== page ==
IntroductionI already made a remote control car using arduino in my previous project. Now I improved it a bit, added a raspberry pi with camera and wifi dongle, so I had live video and the ability to control it over wifi instead of bluetooth. So here is the result:
Part 1 - Hardware and arduino code
It's 95% the same as in my previous project: http://nomartini-noparty.blogspot.hu/2014/01/bluetooth-remote-control-car-2wd.html The only difference is that now I don't need a bluetooth modul or any battery, the arduino is connected to the raspberry pi via a simple usb cable. It handles the serial communication and also gives enough power for the microcontroller and the motors (H-Bridge power pins are connected to Vin and GND on arduino).
Part 2 - Raspberry Pi, remote control
Let's start with a raspberry pi running raspbian. First I configured wifi as written on this tutorial. Then I installed apache, vsftpd and php as written here. Also tornado for the sockets need to be installed with the commands: sudo apt-get install python-pip and pip install tornado. Then I edited BrowserBot by Dexter Industries and came to this:
- Replace /var/www/index.html with this file. It is basically the BrowserBot Client Code, the only change I made was to replace
for every button. So with this change the car will go only forward as long as you press the button and instantly stops if you release.
What this website actually does, opens a socket and send a character to the pi when a button is pressed.
- On the raspberry side we need to handle the socket. For this task this file need to be run. This is an edition of browserBot server code I removed/commented out the code drived the LEGO Robot and added the following lines:
to the beginning of the file:
under if __name__ == "__main__":
ser = serial.Serial('/dev/ttyACM0', 9600)
and under WSHandler
def on_message(self, message): # receives the data from the webpage and is stored in the variable message
print 'received:', message # prints the revived from the webpage
if message == "u": # up
print 'F sent to arduino'
elif message == "d": #down
print 'B sent to arduino'
elif message == "l": #left
print 'L sent to arduino'
elif message == "r": #right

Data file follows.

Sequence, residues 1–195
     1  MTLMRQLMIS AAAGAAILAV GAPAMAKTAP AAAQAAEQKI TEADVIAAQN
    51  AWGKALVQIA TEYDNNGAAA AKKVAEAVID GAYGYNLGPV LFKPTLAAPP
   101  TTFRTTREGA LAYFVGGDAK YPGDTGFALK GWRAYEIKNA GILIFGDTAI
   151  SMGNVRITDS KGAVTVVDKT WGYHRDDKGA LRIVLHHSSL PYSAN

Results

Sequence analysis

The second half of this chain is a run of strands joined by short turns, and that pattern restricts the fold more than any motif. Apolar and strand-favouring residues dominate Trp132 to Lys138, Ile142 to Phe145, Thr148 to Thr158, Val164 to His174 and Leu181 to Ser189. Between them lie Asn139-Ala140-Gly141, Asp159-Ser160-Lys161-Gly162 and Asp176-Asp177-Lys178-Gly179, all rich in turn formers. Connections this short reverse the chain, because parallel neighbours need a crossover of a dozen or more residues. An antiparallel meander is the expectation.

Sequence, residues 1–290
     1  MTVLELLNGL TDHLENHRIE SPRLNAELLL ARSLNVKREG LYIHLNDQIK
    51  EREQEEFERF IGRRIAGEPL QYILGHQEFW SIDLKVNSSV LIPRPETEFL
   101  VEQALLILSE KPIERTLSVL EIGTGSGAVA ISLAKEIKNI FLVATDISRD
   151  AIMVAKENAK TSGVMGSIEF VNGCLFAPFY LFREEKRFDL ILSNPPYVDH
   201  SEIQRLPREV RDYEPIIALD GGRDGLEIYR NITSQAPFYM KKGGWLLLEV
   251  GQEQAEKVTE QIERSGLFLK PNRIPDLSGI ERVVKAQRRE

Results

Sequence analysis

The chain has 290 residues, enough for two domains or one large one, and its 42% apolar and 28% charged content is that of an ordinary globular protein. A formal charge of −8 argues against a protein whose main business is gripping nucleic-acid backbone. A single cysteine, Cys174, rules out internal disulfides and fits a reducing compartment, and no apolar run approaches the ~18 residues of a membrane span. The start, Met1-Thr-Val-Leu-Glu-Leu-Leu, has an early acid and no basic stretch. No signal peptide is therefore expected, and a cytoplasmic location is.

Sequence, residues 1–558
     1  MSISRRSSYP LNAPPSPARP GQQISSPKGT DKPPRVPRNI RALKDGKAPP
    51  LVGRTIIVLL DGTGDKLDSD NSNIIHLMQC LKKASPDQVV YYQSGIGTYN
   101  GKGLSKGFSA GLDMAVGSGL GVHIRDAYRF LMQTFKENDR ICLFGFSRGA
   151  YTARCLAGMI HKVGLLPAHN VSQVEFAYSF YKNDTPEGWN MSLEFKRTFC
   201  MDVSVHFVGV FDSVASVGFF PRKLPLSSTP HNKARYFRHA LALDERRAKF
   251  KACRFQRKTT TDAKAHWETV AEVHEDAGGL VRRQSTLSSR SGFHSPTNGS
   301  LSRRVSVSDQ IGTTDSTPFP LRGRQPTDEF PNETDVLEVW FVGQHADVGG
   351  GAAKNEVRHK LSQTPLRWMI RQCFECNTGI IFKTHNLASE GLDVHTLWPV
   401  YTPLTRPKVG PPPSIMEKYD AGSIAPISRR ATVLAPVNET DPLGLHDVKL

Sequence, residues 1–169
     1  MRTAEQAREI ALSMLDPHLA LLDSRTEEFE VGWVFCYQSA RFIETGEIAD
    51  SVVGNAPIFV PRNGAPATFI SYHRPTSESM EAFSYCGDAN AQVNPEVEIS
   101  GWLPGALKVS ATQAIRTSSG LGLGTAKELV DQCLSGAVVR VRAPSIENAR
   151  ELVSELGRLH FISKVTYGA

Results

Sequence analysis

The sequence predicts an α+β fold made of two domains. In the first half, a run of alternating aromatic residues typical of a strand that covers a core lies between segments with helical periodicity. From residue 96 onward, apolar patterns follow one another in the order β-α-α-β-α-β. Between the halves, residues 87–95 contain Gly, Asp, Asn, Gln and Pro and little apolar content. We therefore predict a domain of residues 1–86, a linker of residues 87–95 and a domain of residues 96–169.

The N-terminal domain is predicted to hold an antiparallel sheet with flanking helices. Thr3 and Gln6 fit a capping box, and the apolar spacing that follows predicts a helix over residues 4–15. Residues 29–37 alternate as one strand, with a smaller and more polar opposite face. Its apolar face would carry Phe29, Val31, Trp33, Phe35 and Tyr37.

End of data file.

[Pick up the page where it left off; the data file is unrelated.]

print 'R sent to arduino'
elif message == "b": #middle
print 'S sent to arduino'
print 'connection closed...'
Now if you run python arduino_server.py your raspberry will wait for command coming through the socket, and if comes, it sends the corresponding data to the arduino through serial port. For opening the socket on client side you only need to be on the same network as your pi and enter your pi-s ip address on the browser. If apache is correctly configured and running you should see the control site. Don't forget to fill in the ip address box with your pi-s ip, otherwise the socket will not work!
Part 3 - Video stream
First I tried various web based solutions, like motion and ustream but the lag was always too long to control the car real time. So I searched for lagless video stream on raspberry pi and ended up with this article. Which is quite good, but sadly use a raspberry cam and Mac. So after some research I ended up with the following code (after installing gstreamer1.0 on pi and my ubuntu):
- first run on ubuntu: gst-launch-1.0 -v udpsrc port=5001 caps="application/x-rtp, media=(string)video, clock-rate=(int)90000, encoding-name=(string)H264" ! rtph264depay ! avdec_h264 ! videoconvert ! autovideosink sync=false
- then run on pi: gst-launch-1.0 -v -e v4l2src device=/dev/video0 ! 'video/x-raw,format=I420,width=640,height=480,framerate=30/1' ! omxh264enc target-bitrate=6500000 control-rate=variable ! rtph264pay pt=96 ! udpsink host=192.168.1.103 port=5001
So that's it, there is a lot to develop on this project, but I had only one day and don't know when will I be able to continue, so it was good to write down what I did. And if I could help someone, I'm happy to do so. If you have any question or comment, please feel free to write.